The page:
Lewis signaling games illustrate how language might evolve from random behavior. The probability of evolving an optimal signaling language is, in part, a function of what learning strategy the agents use. Here we investigate three learning strategies, each of which allows agents to forget old experience. In each case, we find that forgetting increases the probability of evolving an optimal language. It does this by making it less likely that past partial success will continue to reinforce suboptimal practice. The learning (...) strategies considered here show how forgetting past experience can promote learning in the context of games with suboptimal equilibria. (shrink)
To live the complete Christian life through the cycle of conviction of sin, repentance, justification, sanctification, obedience, and hope is to experience the Decalogue in its fullness through Christ in the worship, preaching, and spiritual and moral witness in the community of believers and in the world.
Emotion regulation has the odd distinction of being a wildly popular construct whose scientific existence is in considerable doubt. In this article, we discuss the confusion about whether emotion generation and emotion regulation can and should be distinguished from one another. We describe a continuum of perspectives on emotion, and highlight how different (often mutually incompatible) perspectives on emotion lead to different views about whether emotion generation and emotion regulation can be usefully distinguished. We argue that making differences in perspective (...) explicit serves the function of allowing researchers with different theoretical commitments to collaborate productively despite seemingly insurmountable differences in terminology and methods. (shrink)
In a recent paper, Li et al. (Philos. Mag. 92 (2012) p.1006) used results of atomistic simulations to advance a growth mechanism of twinning in titanium based on the concept of two elementary twinning dislocations which nucleate and glide in pairs but separately and sequentially on two neighbouring planes. This new Comment was stimulated after A. Serra, D.J. Bacon and R.C. Pond privately raised concerns on this growth model to one of the present authors, H. El Kadiri, who This was (...) a co-author of the original paper (Philos. Mag. 92 (2012) p.1006). We repeated the simulations and obtained nearly the same simulations results as Li et al. However, after re-analysing these results, we have concluded that the extended extrinsic zonal dislocation mechanism claimed to be that for twin growth in titanium is in fact false, confirming the accuracy of the Comment by Serra et al that results of Li and co-authors were misinterpreted. (shrink)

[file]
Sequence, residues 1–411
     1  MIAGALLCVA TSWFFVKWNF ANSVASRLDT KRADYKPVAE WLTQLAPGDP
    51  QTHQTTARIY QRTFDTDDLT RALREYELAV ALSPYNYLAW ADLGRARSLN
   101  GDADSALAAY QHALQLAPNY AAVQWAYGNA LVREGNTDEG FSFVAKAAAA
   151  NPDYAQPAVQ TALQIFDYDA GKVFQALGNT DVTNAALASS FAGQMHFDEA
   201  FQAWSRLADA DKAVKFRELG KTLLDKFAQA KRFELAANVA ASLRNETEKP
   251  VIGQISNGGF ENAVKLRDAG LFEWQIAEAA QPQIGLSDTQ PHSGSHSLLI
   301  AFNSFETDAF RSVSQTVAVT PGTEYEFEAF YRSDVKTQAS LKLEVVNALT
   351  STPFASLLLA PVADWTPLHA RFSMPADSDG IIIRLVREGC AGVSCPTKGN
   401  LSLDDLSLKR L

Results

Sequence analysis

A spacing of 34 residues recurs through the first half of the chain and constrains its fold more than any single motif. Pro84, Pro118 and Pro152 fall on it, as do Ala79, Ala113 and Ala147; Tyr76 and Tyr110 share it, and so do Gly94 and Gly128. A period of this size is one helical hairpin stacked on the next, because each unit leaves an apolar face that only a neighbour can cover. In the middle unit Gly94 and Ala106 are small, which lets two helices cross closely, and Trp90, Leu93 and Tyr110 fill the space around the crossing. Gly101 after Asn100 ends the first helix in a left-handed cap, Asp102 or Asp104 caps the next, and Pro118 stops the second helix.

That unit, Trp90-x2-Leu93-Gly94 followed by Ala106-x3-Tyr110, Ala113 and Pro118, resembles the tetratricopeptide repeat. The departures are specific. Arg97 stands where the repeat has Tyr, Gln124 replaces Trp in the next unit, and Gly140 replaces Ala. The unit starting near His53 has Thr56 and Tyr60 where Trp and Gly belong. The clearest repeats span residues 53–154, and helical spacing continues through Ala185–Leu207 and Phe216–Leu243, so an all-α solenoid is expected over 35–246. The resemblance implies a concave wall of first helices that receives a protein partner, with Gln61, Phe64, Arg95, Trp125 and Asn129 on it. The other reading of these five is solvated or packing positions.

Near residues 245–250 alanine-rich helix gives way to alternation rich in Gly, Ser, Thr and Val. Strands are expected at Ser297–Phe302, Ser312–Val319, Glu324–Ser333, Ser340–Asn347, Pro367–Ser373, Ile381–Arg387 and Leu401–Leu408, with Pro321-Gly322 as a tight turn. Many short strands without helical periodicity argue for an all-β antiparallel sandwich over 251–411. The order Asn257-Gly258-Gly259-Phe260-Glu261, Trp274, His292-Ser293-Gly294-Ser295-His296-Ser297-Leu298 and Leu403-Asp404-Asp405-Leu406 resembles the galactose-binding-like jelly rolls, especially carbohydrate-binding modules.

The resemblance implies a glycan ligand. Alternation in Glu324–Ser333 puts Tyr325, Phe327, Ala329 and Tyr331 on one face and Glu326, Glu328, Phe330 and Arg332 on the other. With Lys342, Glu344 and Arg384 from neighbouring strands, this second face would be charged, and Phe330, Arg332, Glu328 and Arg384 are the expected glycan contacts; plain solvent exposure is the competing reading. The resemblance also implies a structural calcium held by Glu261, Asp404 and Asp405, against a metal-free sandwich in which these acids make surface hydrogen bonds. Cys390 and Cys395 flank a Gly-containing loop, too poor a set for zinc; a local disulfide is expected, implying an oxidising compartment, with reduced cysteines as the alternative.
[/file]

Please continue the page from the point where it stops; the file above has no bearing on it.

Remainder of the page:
Carl J. Friedrich (1901?1984) defined constitutionalism as something more than can be expressed by the dominant behavioralist paradigm of modern political science and the typical academic focus on law and courts. A leading but now neglected post-WWII authority on constitutionalism, Friedrich argued that it should be understood as an institutionally-based, interactive system for deliberating the meaning and legal application of the norms of a political community. His approach shares much with the contemporary ?historical institutionalist? call to situate law and (...) courts within a broader, more normative, and more interactive conception of constitutionalism. Accordingly, a reconsideration of Friedrich's work may help current efforts to better articulate the full richness and complexity of constitutionalism as a distinctive way of ordering political life. (shrink)
This book is a discussion of the Everett relative-state interpretation of quantum mechanics and related “no collapse” interpretations. The book presumes that its readers will have some familiarity with quantum mechanics and with the interpretational issues connected with it. It would be suitable for use in an introductory graduate course on the philosophy of quantum mechanics, although even experts are likely to enjoy its clear summaries of the material in its purview.
Serra, Bacon and Pond argue that, when the direction of the resolved shear stress on the twinning plane is reversed, the K 2 plane for twinning changes from (0?0?0?1) to , and the core structure, configuration and magnitude of the twinning dislocation change from b ±1 to b ±3. I contend that such behaviour has not been observed in any twinning mode in metals. A twinning mode should have a K 2 plane and the corresponding twinning dislocation that is structurally (...) and energetically favourable and independent of the direction of the resolved shear stress. El Kadiri and Barrett echo the Comment by Serra et al. and argue that the one-layer twinning dislocation is an ?artifact?, disregarding the fact that all the simulation results converge to one conclusion, i.e. the one-layer twinning dislocation is more favourable than the three-layer zonal dislocation, irrespective of the interatomic potentials used in the simulations. In this Reply, I seek to clarify such misinterpretations regarding twinning dislocation, twinning shear and shuffling in these Comments. (shrink)